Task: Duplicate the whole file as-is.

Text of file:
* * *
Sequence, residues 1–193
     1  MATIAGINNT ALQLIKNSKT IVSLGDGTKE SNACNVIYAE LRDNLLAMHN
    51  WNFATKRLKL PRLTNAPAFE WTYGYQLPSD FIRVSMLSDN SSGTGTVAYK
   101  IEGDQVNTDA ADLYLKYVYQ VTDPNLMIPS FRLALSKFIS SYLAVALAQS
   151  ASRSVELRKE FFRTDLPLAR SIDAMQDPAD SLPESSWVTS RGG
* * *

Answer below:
Sequence, residues 1–193
     1  MATIAGINNT ALQLIKNSKT IVSLGDGTKE SNACNVIYAE LRDNLLAMHN
    51  WNFATKRLKL PRLTNAPAFE WTYGYQLPSD FIRVSMLSDN SSGTGTVAYK
   101  IEGDQVNTDA ADLYLKYVYQ VTDPNLMIPS FRLALSKFIS SYLAVALAQS
   151  ASRSVELRKE FFRTDLPLAR SIDAMQDPAD SLPESSWVTS RGG